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Police plan poison tests on Georgian businessman

Latest update : 2008-02-15

British police will test for poison in the body of Georgian businessman Badri Patarkatsishvili, who died suddenly on Tuesday and had spoken frequently of fears that he may be assassinated.

LONDON, Feb 14 (Reuters) - British investigators will test
for poison in the body of Georgian businessman Badri
Patarkatsishvili, but have no reason yet to conclude he was
killed, police said on Thursday.
 

Patarkatsishvili, a 52-year-old billionaire, died suddenly
at his palatial mansion in southern England late on Tuesday. He
had been accused of plotting a coup in his homeland and had
spoken frequently of fears that he may be assassinated.
 

"A complaint of recent chest pains, together with the manner
of his collapse and death, are consistent with symptoms of a
death from coronary heart disease, as are the preliminary
post-mortem findings," a police spokeswoman said.
 

"However extensive toxicology tests are still being carried
out to establish whether there is any evidence of other factors
causing or contributing to his death," she said.
 

The full poison test results are next expected for at least
10 weeks, although some findings will come sooner, she said.
 

Patarkatsishvili had lived in Britain since late last year,
when Georgian authorities accused him of plotting a coup against
the president and issued a warrant for his arrest.
 

He earned his fortune in Russia as a business partner of
Russian businessman Boris Berezovsky in the 1990s, assembling a
business empire that ran from car dealerships to media to oil.
 

Berezovsky, a foe of President Vladimir Putin, also lives in
Britain. Another Berezovsky associate, Alexander Litvinenko, was
poisoned in London in 2006. It took several weeks for British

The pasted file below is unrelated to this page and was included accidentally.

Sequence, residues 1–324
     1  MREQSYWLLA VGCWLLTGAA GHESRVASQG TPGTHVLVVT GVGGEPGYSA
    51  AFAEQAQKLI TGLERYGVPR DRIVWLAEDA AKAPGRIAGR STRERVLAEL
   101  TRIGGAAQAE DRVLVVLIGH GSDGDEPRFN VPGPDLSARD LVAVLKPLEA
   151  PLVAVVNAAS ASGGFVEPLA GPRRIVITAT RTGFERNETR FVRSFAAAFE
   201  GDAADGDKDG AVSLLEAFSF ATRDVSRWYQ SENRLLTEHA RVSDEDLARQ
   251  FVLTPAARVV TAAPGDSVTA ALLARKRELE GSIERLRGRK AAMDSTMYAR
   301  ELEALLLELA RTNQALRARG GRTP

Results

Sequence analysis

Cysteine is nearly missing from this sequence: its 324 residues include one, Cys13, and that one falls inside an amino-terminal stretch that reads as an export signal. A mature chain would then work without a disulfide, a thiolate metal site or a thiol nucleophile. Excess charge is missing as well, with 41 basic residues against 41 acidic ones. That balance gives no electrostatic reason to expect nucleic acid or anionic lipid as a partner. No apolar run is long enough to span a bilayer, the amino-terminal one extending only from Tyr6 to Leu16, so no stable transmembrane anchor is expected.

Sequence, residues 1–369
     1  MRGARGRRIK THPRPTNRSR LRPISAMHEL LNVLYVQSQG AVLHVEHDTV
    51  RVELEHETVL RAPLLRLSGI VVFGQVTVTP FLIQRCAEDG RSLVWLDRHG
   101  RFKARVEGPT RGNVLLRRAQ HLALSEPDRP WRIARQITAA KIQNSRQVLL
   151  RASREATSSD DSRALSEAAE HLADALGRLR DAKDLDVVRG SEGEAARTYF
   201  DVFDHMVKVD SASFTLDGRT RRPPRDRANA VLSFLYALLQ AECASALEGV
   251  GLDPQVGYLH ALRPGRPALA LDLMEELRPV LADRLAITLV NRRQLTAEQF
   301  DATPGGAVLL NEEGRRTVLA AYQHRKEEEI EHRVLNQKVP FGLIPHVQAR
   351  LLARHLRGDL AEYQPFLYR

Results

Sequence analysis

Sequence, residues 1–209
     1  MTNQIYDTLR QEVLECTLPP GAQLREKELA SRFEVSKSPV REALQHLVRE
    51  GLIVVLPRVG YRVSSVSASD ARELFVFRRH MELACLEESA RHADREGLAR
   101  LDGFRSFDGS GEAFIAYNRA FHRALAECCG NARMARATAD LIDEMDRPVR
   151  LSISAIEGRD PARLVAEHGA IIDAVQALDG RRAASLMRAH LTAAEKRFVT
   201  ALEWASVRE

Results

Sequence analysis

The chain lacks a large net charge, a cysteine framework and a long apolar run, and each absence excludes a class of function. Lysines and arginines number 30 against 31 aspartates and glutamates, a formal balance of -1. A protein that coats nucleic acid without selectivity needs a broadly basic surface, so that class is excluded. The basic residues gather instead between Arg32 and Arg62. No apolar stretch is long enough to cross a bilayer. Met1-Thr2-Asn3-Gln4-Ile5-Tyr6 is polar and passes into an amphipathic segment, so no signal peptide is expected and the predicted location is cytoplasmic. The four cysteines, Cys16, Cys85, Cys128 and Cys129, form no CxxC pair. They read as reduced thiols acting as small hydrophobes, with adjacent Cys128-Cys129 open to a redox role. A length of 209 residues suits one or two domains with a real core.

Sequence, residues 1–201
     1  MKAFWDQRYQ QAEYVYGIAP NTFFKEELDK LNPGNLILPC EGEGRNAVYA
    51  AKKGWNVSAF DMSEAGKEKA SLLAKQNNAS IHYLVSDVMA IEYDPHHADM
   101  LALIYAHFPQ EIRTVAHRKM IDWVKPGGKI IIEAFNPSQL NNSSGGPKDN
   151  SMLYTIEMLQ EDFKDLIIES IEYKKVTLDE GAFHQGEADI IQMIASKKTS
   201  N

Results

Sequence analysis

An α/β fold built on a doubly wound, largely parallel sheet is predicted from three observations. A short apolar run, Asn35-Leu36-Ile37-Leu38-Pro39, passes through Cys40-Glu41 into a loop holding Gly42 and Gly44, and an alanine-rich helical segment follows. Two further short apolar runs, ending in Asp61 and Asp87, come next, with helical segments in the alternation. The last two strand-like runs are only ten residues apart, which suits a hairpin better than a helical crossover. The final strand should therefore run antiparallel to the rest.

authorities to discover the radioactive agent that killed him.
 

British police said on Wednesday that checks had found no
radioactive traces on Patarkatsishvili's body or at his home.
 

Friends of Patarkatsishvili travelled to London, saying they
intended to bring the body back for burial in the Georgian
capital Tbilisi.
 

The police spokeswoman said his body was not being released
at this stage and it was too early to say when it would happen.
 

"I'm heading to London with a sad mission. We should bring
the body of Badri Patarkatsishvili to Georgia. His family made a
decision that he should be buried here," friend Vano
Chkhartishvili told reporters before leaving for London.
 

The police spokeswoman said a coroner would open an inquiry
into Patarkatsishvili's death on Friday.
 

Western powers watch developments in Georgia closely. It
lies on the route of an oil pipeline in a strategic region
bordering Turkey and Russia, and is at the heart of a tussle for
influence between Moscow and new allies in the West.
 

Patarkatsishvili ran as a candidate in Georgia's
presidential election on Jan. 5 and won about 7 percent of
votes, but did not campaign there for fear of detention.
 

Following Georgia's election, which the opposition said was
rigged and on which Western monitors gave a mixed verdict, a
Georgian court seized his television station and other assets.
 

Date created : 2008-02-15

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